Gene regulation at the transcriptional level is a central process in all organisms where DNA-binding transcription factors play a fundamental role. This class of proteins binds specifically at DNA sequences, activating or repressing gene expression as a function of the cell's metabolic status, operator context and ligand-binding status, among other factors, through the DNA-binding domain (DBD). In addition, TFs may contain partner domains (PaDos), which are involved in ligand binding and protein-protein interactions. In this work, we systematically evaluated the distribution, abundance and domain organization of DNA-binding TFs in 799 non-redundant bacterial and archaeal genomes. We found that the distributions of the DBDs and their corresponding PaDos correlated with the size of the genome. We also identified specific combinations between the DBDs and their corresponding PaDos. Within each class of DBDs there are differences in the actual angle formed at the dimerization interface, responding to the presence/absence of ligands and/or crystallization conditions, setting the orientation of the resulting helices and wings facing the DNA. Our results highlight the importance of PaDos as central elements that enhance the diversity of regulatory functions in all bacterial and archaeal organisms, and our results also demonstrate the role of PaDos in sensing diverse signal compounds. The highly specific interactions between DBDs and PaDos observed in this work, together with our structural analysis highlighting the difficulty in predicting both inter-domain geometry and quaternary structure, suggest that these systems appeared once and evolved with diverse duplication events in all the analysed organisms.
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http://dx.doi.org/10.1099/mic.0.000504DOI Listing
August 2017

Tracing the Repertoire of Promiscuous Enzymes along the Metabolic Pathways in Archaeal Organisms.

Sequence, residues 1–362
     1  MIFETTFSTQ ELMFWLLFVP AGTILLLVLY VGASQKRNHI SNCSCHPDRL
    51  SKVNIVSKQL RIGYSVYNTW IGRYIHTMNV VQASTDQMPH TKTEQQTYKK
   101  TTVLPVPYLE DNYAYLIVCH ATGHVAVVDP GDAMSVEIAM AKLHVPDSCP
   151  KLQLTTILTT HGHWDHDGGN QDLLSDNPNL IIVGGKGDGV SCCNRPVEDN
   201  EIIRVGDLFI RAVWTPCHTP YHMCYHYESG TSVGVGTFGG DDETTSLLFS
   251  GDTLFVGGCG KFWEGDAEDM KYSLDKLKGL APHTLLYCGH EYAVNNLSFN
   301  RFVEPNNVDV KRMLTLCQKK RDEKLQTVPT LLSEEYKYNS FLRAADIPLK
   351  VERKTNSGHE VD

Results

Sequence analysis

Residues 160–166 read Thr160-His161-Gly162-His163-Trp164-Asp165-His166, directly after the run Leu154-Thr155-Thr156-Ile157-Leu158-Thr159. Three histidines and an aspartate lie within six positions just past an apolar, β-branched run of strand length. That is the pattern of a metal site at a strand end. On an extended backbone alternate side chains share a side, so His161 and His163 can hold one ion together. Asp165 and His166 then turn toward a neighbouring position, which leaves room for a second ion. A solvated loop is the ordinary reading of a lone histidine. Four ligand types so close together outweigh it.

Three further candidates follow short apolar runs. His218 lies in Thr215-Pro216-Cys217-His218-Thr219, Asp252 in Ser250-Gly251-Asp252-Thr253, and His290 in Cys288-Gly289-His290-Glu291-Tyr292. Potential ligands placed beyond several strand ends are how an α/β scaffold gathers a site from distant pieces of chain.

Life (Basel) 2017 Jul 13;7(3). Epub 2017 Jul 13.

Departamento de Ingeniería Celular y Biocatálisis, Instituto de Biotecnología, Universidad Nacional Autónoma de México, C.P. 62210, Cuernavaca, Morelos, Mexico.

The metabolic pathways that carry out the biochemical transformations sustaining life depend on the efficiency of their associated enzymes. In recent years, it has become clear that promiscuous enzymes have played an important role in the function and evolution of metabolism. In this work we analyze the repertoire of promiscuous enzymes in 89 non-redundant genomes of the Archaea cellular domain. Promiscuous enzymes are defined as those proteins with two or more different Enzyme Commission (E.C.) numbers, according the Kyoto Encyclopedia of Genes and Genomes (KEGG) database. From this analysis, it was found that the fraction of promiscuous enzymes is lower in Archaea than in Bacteria. A greater diversity of superfamily domains is associated with promiscuous enzymes compared to specialized enzymes, both in Archaea and Bacteria, and there is an enrichment of substrate promiscuity rather than catalytic promiscuity in the archaeal enzymes. Finally, the presence of promiscuous enzymes in the metabolic pathways was found to be heterogeneously distributed at the domain level and in the phyla that make up the Archaea. These analyses increase our understanding of promiscuous enzymes and provide additional clues to the evolution of metabolism in Archaea.
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http://dx.doi.org/10.3390/life7030030DOI Listing
http://www.ncbi.nlm.nih.gov/pmc/articles/PMC5617955PMC
July 2017

Towards the complete proteinaceous regulome of .

Microb Genom 2017 03 23;3(3):mgen000107. Epub 2017 Mar 23.